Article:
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Could Noel Tata be the next Tata chairman?

Last updated on: August 3, 2010 14:43 IST

Could Noel Tata be the next Tata chairman?

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Agencies and Business Standard


Noel Naval Tata, 53, on July 29 added yet another interesting chapter to the Tata Group's succession story. The half-brother of Ratan Tata resigned as the managing director of retail firm Trent, and joined Tata International, which handles the group's overseas trade, in the same position.

Tata International did not have a managing director so far and was led by chairman B Muthuraman. Noel will also continue to be Trent's non-executive vice chairman, another newly-created position.

The move to appoint Noel Tata as Tata International MD comes a month after he was appointed non-executive chairman of Tata Investment Corp Ltd, a listed investment firm that has a substantial holding in Tata Group companies.

He had taken over from N A Soonawala, a trusted lieutenant of Ratan Tata.

So who will succeed Ratan Tata as the head of the $71-billion Tata Group? That's the question that has been doing the rounds in corporate circles for some time now.

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Image: Noel Tata, managing director, Tata International.
Photographs: Reuters
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The conjecture over the Tata Group's succession plan grew last Thursday when Noel Tata joined Tata International as the MD.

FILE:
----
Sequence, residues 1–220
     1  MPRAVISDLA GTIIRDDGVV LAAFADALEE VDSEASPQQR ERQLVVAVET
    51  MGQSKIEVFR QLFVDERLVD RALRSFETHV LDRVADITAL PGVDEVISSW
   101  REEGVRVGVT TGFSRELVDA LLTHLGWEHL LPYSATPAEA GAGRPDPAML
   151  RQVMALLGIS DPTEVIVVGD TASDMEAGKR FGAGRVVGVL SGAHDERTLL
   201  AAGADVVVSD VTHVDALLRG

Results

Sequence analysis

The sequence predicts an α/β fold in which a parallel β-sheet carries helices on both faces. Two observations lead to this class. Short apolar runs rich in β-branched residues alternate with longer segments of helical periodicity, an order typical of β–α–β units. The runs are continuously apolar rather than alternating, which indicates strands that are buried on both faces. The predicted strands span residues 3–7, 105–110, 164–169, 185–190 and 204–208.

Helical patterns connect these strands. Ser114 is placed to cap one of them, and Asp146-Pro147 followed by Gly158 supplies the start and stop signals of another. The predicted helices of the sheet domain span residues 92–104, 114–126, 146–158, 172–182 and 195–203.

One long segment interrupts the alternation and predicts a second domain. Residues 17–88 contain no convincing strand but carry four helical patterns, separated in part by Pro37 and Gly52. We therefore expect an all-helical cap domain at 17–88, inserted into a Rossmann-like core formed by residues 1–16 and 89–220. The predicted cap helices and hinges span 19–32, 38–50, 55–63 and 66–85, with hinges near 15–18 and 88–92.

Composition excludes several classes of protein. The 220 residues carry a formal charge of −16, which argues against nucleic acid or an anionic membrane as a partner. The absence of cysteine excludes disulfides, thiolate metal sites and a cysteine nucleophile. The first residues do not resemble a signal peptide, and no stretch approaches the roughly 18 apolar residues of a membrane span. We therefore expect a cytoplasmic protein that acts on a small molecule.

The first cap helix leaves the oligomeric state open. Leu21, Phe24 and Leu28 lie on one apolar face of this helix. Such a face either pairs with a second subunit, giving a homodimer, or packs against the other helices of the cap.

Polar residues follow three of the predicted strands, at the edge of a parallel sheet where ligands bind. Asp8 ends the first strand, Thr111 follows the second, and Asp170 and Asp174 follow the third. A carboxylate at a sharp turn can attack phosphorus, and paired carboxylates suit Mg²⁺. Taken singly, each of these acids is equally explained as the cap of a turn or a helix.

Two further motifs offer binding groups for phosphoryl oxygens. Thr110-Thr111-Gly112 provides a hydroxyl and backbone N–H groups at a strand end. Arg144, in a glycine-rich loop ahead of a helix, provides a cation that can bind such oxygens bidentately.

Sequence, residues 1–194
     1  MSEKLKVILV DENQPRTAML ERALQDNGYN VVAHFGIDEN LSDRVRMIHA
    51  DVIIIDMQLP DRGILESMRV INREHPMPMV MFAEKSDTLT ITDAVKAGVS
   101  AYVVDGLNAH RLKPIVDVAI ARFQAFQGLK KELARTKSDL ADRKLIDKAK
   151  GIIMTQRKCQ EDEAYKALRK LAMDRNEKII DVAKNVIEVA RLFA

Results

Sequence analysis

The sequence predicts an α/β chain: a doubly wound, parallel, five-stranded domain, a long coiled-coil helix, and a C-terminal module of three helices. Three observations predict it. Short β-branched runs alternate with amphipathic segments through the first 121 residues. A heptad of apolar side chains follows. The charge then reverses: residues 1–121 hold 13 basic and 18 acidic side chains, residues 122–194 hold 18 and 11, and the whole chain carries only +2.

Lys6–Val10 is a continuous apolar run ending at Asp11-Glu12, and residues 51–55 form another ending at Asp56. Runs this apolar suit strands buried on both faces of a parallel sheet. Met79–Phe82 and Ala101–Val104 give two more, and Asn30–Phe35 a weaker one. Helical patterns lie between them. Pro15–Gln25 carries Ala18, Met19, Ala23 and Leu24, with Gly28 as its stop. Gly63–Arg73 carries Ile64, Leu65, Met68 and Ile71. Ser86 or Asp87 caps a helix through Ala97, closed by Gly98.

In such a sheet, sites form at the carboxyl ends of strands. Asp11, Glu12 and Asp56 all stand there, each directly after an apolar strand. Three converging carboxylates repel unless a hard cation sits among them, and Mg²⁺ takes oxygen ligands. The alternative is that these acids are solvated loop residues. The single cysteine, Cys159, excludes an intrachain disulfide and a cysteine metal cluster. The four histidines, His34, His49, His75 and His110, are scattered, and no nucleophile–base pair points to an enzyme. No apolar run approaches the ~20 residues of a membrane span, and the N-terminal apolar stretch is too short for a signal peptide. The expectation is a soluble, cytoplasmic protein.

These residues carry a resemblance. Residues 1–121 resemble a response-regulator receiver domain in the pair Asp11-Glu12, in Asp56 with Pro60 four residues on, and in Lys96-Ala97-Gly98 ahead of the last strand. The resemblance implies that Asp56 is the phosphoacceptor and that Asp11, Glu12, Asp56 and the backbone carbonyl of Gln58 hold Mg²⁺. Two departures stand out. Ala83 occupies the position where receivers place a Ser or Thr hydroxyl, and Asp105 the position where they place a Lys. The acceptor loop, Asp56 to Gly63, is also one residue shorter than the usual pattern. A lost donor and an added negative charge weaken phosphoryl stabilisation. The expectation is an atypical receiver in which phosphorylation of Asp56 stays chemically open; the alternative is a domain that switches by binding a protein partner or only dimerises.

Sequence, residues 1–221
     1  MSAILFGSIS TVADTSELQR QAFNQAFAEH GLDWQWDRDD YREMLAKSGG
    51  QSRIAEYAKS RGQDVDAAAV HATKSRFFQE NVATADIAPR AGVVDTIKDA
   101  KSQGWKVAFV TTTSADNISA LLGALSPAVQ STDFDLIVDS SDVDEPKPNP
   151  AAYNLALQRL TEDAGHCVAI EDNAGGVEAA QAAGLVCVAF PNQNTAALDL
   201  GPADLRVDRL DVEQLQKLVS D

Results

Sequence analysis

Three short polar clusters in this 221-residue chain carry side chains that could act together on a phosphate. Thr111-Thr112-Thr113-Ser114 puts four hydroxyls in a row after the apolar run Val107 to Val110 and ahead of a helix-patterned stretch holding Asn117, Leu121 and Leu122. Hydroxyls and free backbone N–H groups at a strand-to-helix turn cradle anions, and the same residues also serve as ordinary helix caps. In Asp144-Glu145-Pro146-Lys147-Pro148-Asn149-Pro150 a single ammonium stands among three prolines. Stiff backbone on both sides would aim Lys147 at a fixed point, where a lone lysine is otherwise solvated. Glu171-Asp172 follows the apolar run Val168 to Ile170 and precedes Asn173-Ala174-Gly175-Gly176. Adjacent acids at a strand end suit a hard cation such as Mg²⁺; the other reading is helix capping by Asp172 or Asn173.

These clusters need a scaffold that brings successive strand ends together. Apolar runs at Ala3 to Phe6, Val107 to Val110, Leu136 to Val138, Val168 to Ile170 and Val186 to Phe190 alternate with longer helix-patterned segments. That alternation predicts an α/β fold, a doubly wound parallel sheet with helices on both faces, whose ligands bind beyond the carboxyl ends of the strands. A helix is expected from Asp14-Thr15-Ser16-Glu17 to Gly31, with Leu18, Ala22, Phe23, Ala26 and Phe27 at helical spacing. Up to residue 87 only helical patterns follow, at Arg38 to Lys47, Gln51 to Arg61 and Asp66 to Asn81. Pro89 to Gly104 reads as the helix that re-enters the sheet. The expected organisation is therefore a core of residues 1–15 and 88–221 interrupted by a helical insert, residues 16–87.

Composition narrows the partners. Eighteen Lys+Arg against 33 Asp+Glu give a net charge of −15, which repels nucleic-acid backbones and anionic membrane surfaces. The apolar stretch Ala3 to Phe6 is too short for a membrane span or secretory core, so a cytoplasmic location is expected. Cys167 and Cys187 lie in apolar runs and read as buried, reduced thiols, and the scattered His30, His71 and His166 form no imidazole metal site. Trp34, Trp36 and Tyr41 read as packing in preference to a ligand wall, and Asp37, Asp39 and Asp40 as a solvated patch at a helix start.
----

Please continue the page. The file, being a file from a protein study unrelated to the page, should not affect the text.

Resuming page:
Ratan Tata is due to retire in 2012 at the age of 75. He is the chairman of Tata Sons, the group's holding company, and non-executive chairman of group companies like Tata Steel, Tata Motors and Tata Consultancy Services.

In November last year, he had told the Wall Street Journal: "The successor, I would hope, would have integrity and our value systems in the forefront and hopefully would carry on the path that we have tried to set for the company's growth.''

Tata also said: "We are looking both within the organisation and outside. It would certainly be easier if that candidate were an Indian national."

He added:  "It could also be an expatriate sitting in that position as nearly 65% of the Tata Group's revenues come from overseas markets."

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Image: Tata Group chairman Ratan Tata.
Photographs: Reuters
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There was speculation that Citigroup CEO Vikram Pandit, PepsiCo boss Indra Nooyi, or former Vodafone CEO Arun Sarin might step into Ratan Tata' shoes. However, news reports said that neither of them appears to be interested.

Ratan Tata who is one of the most powerful global business heads had said in January 2008 that if he had a firm successor in place after the Nano is launched, it would be a 'terrific time to step away'.